Huawei and Dongfeng Motor, a Chinese manufacturing partner of Stellantis, are in an ongoing collaboration to develop smart electric vehicles, the companies have announced. This adds to a string of such deals by technology giant Huawei as it accelerates its entry into the auto market.
The partnership could help Voyah, a subsidiary of state-owned automaker Dongfeng, increase sales and expand its presence in the red-hot EV market where a wave of consolidation and reshuffling is underway, according to David Zhang, a visiting professor at Huanghe Science and Technology University.
Why it matters: The alliance is the latest example of Huawei’s multifold endeavor to expand into EVs. It has pushed two initiatives to enhance cooperation with carmakers in particular.
- One is the so-called “Huawei Inside (HI)” business model, signifying that cars will feature Huawei’s full-stack technologies such as automated driving software and infotainment systems. Changan Automobile and Mercedes’ Chinese partner BAIC are among its partners.
- The other is “Smart Selection,” in which Huawei not only provides technologies but also sales channels while gaining control over vehicle development. Aito has been the biggest success story under this approach, followed by the recent launch of Luxeed between Huawei and Chery.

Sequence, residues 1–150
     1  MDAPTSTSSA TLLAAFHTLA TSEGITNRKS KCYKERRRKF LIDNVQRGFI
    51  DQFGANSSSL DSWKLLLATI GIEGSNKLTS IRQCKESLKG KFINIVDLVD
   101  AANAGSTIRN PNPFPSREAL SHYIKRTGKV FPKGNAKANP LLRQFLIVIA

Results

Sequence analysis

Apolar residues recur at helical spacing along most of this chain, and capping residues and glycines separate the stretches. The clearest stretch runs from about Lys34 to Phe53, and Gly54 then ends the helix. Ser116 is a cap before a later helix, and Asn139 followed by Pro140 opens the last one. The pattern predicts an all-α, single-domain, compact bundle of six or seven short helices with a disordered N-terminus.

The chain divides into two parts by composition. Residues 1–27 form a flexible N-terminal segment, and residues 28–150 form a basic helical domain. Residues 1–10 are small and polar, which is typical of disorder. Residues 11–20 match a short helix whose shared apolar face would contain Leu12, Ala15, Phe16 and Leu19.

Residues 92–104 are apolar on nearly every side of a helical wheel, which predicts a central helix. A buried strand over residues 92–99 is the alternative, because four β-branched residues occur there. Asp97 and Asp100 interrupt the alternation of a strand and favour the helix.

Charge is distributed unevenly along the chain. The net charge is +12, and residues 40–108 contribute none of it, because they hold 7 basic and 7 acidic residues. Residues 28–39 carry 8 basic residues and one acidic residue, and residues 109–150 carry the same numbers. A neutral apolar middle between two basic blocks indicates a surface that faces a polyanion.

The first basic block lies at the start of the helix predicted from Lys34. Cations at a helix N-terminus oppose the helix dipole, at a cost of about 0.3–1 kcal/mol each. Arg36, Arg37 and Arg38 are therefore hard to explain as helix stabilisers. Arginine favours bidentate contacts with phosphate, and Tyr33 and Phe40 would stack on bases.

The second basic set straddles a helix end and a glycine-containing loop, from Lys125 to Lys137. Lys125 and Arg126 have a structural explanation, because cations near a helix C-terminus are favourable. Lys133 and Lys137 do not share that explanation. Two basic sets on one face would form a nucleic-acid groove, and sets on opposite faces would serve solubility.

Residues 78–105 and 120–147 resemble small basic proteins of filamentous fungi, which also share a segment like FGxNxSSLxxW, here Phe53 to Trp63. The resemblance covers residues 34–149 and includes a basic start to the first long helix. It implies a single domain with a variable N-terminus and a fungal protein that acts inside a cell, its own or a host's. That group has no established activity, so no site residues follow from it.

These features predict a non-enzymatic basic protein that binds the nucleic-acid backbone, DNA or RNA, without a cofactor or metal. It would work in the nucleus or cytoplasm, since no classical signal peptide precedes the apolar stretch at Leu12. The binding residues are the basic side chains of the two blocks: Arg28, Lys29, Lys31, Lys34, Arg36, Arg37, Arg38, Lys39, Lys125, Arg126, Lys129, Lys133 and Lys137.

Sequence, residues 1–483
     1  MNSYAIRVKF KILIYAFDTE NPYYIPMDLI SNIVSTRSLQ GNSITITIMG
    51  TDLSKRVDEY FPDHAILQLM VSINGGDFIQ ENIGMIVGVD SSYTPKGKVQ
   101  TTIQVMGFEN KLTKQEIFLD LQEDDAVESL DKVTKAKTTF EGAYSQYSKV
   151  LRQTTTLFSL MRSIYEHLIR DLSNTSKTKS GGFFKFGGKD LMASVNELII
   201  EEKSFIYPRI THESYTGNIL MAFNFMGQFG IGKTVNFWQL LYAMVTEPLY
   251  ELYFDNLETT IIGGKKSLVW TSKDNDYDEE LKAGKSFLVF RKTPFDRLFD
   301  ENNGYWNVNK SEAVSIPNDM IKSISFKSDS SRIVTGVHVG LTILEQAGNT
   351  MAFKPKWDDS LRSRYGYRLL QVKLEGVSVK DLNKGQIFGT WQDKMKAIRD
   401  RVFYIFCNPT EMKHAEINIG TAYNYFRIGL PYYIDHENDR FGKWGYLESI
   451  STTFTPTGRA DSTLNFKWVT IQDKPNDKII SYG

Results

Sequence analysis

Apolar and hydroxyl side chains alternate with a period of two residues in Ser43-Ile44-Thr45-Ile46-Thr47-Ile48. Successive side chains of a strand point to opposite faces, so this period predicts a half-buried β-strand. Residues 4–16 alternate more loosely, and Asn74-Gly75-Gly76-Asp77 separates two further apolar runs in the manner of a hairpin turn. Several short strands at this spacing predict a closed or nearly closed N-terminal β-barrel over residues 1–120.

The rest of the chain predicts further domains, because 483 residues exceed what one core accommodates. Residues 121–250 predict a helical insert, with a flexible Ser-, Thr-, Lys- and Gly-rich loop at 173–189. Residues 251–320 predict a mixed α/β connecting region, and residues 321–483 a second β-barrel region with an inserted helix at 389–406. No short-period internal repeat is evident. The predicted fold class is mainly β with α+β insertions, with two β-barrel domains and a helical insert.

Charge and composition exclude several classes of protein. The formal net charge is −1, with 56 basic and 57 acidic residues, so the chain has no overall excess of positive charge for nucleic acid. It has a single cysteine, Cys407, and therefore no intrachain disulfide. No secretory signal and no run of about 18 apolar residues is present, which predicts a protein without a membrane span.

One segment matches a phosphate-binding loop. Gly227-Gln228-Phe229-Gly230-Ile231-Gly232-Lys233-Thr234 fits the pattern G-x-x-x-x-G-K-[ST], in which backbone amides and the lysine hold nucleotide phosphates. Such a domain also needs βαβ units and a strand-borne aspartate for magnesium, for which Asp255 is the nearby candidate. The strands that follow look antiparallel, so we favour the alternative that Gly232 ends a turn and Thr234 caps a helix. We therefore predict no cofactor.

Details: According to Zhang, Huawei will adopt the HI approach with Dongfeng, mainly selling the carmaker components and software, and will probably not go into as much depth as it did with Seres.
- This would allow Dongfeng, controlled by the State-owned Assets Supervision and Administration Commission, China’s state asset regulator, to maintain control of its premium EV brand, Zhang said.
- As more EVs embrace cutting-edge technologies, an automated driving system powered by Huawei could be a big selling point for Voyah, elevating it above other brands. The tie-up could see the companies share development and marketing costs, Zhang added.
- In a Monday announcement (in Chinese), Huawei and Dongfeng said they will move forward with the large-scale adoption of intelligent technologies with the joint development of new cars, without giving further details.
Context: Huawei has been working on the spin-off of its automotive business unit for several months. The company in November announced plans to establish a joint venture with Changan, stating that other existing partners such as Seres have been invited to invest in the new entity.
Jill Shen is Shanghai-based technology reporter. She covers Chinese mobility, autonomous vehicles, and electric cars. Connect with her via e-mail: [email protected] or Twitter: @jill_shen_sh
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